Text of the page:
Another reason animals are used in medical research is because they are genetically similar to humans. If you compare the DNA of humans to the DNA of chimpanzees, you will notice that they are ninety-nine percent similar. Why would scientists pursue alternative methods when test subjects hat are very genetically similar are available. Chimpanzees’ bodies react to medical drugs and treatments similarly to humans’ bodies because of these genetic similarities. With that being said, it is reasonable for scientists to think that animals with similar DNA strands will yield accurate results.
Scientists use chimpanzees to test drugs because the areas of the body affected are similar to those of human’s. If cosmetics are being tested, other animals are used as test subjects. For instance, rabbits are used to test the effects certain products have on the eyes. This is because rabbit eyes respond similarly to chemicals that irritate the eyes as human eyes do. By using animals with body parts that are similar to the human version of that body part, scientists are able to achieve accurate results.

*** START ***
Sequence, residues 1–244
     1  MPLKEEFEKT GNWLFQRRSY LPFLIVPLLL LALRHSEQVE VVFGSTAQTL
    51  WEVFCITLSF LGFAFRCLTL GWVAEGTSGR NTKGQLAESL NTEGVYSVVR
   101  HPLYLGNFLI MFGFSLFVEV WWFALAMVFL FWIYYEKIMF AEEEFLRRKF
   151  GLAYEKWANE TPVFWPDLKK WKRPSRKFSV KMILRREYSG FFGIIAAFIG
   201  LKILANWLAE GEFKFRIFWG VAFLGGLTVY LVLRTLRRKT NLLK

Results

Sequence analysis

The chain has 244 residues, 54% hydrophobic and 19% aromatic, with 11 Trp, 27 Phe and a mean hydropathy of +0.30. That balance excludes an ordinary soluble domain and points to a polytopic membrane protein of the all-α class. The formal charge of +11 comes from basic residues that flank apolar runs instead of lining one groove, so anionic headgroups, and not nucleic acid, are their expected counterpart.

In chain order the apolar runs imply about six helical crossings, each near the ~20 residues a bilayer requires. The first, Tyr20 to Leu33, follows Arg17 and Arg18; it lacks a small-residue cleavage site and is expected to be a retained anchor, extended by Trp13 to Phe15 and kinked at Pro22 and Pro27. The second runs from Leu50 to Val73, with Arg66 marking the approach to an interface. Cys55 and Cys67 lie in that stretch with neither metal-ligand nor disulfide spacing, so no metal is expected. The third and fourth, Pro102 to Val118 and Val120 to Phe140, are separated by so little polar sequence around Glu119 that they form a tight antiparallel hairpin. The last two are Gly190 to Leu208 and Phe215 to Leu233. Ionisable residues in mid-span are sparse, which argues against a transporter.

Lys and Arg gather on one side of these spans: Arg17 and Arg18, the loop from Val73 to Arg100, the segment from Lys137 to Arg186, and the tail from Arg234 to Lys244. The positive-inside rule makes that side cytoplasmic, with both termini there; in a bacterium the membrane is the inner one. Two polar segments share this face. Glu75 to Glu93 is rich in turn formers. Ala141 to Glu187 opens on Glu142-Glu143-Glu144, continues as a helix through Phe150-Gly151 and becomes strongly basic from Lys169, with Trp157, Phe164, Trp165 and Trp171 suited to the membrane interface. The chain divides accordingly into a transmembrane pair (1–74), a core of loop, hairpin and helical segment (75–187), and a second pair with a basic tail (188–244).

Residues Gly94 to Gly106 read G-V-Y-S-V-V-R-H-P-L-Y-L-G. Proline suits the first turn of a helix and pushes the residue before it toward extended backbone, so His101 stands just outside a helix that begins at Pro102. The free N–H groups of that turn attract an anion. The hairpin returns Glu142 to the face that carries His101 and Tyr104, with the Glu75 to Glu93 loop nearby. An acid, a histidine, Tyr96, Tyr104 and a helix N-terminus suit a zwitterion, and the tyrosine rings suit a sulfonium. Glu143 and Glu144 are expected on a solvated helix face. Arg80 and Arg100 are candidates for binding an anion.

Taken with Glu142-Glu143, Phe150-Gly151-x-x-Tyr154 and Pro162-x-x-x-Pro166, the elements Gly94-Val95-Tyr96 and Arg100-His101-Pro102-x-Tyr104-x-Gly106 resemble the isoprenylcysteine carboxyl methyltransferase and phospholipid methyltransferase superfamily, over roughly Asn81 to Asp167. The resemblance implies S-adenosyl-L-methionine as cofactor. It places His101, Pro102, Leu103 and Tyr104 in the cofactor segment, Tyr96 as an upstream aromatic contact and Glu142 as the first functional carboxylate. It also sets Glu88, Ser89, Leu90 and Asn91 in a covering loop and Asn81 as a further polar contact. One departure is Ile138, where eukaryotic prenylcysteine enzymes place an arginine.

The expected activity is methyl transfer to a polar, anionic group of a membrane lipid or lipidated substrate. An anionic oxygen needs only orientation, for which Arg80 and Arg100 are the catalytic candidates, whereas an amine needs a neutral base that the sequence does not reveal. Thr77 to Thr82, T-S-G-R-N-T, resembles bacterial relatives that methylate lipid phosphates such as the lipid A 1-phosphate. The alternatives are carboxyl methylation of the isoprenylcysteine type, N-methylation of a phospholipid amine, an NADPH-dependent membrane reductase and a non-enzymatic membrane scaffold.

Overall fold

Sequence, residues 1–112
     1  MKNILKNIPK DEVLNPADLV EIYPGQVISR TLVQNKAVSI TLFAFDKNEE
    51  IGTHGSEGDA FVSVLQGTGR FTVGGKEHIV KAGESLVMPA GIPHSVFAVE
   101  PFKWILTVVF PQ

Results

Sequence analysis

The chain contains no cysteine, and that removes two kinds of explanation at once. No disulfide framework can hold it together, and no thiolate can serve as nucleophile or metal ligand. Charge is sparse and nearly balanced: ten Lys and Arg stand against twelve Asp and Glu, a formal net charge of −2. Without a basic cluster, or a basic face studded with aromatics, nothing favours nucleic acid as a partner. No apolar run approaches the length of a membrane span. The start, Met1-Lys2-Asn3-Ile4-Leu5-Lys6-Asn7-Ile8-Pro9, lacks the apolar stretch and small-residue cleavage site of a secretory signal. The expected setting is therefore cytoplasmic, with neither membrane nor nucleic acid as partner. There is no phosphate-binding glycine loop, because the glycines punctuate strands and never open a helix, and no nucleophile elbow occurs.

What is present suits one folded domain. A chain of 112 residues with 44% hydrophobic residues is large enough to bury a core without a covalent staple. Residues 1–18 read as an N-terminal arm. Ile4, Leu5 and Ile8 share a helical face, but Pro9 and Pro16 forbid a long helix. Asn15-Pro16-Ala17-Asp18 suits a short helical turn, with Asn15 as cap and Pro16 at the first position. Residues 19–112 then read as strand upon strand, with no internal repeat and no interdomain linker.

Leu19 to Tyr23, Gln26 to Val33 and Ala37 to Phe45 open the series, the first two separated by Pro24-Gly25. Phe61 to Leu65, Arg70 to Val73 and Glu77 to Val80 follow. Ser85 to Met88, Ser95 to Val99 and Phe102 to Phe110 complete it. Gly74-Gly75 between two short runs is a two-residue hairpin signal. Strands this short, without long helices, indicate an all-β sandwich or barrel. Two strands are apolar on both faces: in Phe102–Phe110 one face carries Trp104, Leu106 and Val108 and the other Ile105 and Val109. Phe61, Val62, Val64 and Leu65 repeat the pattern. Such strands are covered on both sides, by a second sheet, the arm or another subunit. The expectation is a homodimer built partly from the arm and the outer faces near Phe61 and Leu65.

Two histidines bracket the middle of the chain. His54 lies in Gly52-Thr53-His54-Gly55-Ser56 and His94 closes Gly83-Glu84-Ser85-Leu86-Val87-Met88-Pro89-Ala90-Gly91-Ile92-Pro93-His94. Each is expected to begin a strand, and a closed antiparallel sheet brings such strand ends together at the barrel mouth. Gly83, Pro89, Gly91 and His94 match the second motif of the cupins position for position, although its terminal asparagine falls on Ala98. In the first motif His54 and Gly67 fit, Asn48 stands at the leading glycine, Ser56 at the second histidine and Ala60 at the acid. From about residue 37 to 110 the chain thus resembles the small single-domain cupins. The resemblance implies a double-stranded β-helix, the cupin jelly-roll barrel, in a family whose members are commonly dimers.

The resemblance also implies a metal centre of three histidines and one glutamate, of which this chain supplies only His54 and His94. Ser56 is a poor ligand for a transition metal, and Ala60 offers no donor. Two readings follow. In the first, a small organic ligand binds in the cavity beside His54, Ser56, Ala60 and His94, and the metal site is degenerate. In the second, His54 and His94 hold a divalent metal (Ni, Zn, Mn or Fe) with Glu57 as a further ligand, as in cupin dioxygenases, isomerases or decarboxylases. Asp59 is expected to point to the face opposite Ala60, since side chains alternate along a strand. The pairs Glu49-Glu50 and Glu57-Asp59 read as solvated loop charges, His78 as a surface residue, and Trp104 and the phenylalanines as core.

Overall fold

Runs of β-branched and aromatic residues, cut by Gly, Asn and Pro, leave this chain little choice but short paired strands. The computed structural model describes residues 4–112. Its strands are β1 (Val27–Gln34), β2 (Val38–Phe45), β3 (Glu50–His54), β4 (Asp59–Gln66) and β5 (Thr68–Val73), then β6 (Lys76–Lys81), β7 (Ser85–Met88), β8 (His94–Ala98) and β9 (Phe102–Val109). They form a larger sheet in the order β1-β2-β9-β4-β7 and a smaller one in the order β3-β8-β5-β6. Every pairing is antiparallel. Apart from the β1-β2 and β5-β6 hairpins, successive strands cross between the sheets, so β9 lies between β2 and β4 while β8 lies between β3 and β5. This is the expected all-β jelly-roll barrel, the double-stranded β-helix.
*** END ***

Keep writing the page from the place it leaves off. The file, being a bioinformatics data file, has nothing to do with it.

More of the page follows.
While animal based tests are responsible for many medical breakthroughs, most drugs that pass in animal trials do not make it through clinical trial stages. Certain animals are similar to humans, but because they are not one-hundred percent similar there is room for results to be inaccurate. A great example of a successful animal trial that work as planned with umans was Thalidomide. Thalidomide, a sleeping pill introduced after WWII, seemed like a success at first, but it was later discovered the drug was linked birth deformities.
So the results from animals to humans are inconsistent and a waste of time as well as resources. We spend approximately fifteen billion dollars on animal tests annually. If we were to switch to alternative methods, we could save a lot of the money, animal lives, and possibly get more accurate results. After all, why are we killing, poisoning, and torturing animals in the name of science, if we can not get reliable results consistently. There are multiple methods we can use to test the effects drugs will have on the body. Animal testing is not essential for us to test new drugs.